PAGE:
Nope is Jordan Peele’s Jaws. There’s no other way to put it. When Jaws was released, it had everyone scared of swimming in the ocean, after watching Nope, people will be afraid to look up to the sky. This film has so many underlying themes that numerous rewatches will be required to get the full Nope experience. Thanks to an outstanding performance from Keke Palmer, some great direction and a well-crafted story, Nope is another hit for Jordan Peele and a must-see this summer.
The greatest strength of this film is undoubtedly the acting. While the Oscar-winning Daniel Kaluuya turns in a nuanced yet deep and emotional performance, it’s Keke Palmer who is the true standout. She portrays Emerald Haywood, the sister of Kaluuya’s OJ Haywood. Palmer gives it her all in this film and the end result is a charismatic, eccentric and VERY likeable protagonist. Palmer manages to have perfect comedic timing while also evoking feelings of fear. I believe Palmer has given us the best performance of her career so far in portraying one of my favourite horror characters in recent memory.
Jordan Peele’s direction in Nope is also his strongest. You can tell that a lot of thought and effort went into creating the film’s atmosphere and keeping the audience on the edge of its seat. From the excellent sound design to the use of silence and music, everything comes together to immerse you into this film and make you feel like you are on Haywood Ranch.
Something else I appreciated was the breakdown of the film. The film is broken down into segments and each one is named after a character of significance in the film. There is so much going on in this film that this format helps to bring it all together in a cohesive manner that makes it easier to digest the content.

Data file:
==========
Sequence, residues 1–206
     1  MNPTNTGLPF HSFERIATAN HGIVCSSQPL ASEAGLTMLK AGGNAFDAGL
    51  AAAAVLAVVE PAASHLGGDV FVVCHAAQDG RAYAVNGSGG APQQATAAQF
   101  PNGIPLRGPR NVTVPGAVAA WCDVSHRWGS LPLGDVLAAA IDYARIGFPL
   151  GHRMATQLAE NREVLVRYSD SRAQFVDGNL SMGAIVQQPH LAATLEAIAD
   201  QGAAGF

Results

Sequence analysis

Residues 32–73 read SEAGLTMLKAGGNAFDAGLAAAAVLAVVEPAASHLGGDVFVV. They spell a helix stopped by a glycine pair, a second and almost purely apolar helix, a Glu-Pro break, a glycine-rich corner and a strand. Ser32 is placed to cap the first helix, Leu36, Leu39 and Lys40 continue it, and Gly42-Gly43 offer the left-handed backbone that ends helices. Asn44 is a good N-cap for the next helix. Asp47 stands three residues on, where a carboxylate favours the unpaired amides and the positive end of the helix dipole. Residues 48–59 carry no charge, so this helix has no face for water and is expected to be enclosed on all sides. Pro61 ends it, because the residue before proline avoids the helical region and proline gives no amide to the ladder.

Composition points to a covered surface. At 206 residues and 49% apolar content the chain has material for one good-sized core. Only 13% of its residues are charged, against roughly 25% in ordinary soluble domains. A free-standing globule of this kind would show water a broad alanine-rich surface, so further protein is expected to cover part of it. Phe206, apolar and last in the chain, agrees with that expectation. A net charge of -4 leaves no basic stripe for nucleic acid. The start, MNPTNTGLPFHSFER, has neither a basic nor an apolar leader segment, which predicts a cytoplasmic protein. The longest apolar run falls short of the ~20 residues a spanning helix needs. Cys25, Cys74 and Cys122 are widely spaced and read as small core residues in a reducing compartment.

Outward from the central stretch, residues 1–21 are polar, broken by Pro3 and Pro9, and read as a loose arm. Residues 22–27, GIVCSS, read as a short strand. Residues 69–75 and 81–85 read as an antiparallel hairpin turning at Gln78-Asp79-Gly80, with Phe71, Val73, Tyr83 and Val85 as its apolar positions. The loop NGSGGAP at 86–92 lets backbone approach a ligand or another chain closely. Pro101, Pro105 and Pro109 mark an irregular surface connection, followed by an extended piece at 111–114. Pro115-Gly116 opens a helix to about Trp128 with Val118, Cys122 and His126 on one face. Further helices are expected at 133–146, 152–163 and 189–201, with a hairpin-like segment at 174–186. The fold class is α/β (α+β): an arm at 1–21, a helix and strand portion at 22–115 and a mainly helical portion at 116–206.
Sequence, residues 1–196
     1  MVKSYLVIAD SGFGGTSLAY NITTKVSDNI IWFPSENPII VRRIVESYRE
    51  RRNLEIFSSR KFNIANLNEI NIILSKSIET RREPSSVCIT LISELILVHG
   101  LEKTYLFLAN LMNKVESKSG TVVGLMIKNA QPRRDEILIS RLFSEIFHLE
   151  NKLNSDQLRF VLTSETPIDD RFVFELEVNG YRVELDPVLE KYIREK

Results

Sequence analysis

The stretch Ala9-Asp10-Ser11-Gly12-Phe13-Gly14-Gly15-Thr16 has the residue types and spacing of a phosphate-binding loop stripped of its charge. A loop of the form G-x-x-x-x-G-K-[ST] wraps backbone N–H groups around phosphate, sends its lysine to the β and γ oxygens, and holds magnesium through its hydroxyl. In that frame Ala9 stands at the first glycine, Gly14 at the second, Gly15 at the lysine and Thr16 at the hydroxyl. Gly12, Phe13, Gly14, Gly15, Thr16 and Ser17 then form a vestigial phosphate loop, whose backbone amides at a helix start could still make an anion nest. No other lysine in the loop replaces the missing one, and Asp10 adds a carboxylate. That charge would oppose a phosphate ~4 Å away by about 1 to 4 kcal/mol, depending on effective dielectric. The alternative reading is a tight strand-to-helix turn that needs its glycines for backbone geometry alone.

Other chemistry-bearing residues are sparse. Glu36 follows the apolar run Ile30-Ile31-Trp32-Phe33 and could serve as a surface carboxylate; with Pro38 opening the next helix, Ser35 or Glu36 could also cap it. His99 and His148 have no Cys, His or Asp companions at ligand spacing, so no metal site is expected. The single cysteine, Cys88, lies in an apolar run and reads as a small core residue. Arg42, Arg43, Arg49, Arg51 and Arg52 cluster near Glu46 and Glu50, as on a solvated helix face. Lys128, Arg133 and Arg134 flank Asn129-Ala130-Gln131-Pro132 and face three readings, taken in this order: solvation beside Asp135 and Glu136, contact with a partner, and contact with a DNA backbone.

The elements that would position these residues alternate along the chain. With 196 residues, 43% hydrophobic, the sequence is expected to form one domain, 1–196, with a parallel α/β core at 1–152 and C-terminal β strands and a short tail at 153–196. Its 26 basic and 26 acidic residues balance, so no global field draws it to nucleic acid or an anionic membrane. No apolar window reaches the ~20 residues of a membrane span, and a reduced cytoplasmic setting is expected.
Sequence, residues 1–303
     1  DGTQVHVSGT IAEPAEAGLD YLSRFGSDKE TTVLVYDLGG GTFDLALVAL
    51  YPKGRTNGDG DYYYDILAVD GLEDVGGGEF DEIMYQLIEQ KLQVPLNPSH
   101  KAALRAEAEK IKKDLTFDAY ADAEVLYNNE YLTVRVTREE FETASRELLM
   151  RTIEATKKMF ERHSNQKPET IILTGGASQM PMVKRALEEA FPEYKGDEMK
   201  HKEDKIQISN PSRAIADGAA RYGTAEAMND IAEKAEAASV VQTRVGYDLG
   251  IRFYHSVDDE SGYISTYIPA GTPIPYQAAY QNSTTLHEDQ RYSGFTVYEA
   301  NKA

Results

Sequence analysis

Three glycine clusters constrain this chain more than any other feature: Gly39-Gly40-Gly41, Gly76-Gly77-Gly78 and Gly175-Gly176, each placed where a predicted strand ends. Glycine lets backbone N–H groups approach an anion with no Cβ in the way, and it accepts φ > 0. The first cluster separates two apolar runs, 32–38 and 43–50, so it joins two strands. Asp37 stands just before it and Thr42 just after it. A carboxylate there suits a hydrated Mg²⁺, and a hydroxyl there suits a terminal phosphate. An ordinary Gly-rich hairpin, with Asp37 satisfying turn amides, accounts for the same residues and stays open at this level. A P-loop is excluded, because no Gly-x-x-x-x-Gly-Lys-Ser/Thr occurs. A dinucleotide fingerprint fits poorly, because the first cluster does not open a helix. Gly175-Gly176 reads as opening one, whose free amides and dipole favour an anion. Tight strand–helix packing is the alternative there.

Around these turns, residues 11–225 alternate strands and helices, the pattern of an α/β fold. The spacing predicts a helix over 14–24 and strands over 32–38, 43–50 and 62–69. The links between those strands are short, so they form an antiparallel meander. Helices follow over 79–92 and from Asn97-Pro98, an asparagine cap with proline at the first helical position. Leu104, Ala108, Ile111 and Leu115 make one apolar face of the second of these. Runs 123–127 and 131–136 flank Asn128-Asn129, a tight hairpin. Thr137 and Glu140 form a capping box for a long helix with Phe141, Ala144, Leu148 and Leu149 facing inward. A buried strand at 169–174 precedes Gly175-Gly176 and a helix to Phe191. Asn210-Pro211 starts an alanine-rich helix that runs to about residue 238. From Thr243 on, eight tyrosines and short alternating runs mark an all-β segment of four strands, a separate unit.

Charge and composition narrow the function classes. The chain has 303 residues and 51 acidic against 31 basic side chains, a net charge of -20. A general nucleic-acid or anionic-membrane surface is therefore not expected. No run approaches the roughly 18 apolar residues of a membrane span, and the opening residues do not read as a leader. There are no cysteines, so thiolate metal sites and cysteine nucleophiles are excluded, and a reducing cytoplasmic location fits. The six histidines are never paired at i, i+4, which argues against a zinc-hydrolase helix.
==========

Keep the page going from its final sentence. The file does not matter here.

Visually, this film is Peele’s best work. He makes fantastic use of on-location filming and lack of green screens but the true standout here is the use of IMAX. I honestly don’t remember when IMAX was used so well in a film (save for films like No Way Home which were filmed entirely in IMAX). The expanded ratio, although not used from start to finish, is used in many crucial scenes, and makes the film feel like a work of art while also immersing you in the world of this film.
As much as I adore the film, I will admit that the script and the subplot could have been better. The script, while creative, doesn’t hit the right notes all the time and it could easily leave viewers with more questions than answers by the time it’s done. The Gordy’s Home subplot was something that sources told me was an issue in test screenings and is still a minor problem in the final film. I think that the idea of a murderous chimp going crazy on the set of television and how it affects young children could have been better executed and tied into the main plot of the film. However, I think that this potential was untapped and thus, we’re left with a subplot that could have easily been its own film. I was also told recently from a source who saw Nope in May that there were portions of this subplot that were cut from the final film so maybe those scenes would have improved on that subplot. If Peele ever decides to release them, then we’ll know for sure.
In short, Nope is better than Us but not as good as Get Out. It’s Jordan Peele’s best directed film but his weakest script. However, I can easily overlook the weak subplot and script because Peele created a true summer blockbuster that is meant for the big screen. See it in IMAX if you can because even though this movie is called Nope, it should actually be called Yup.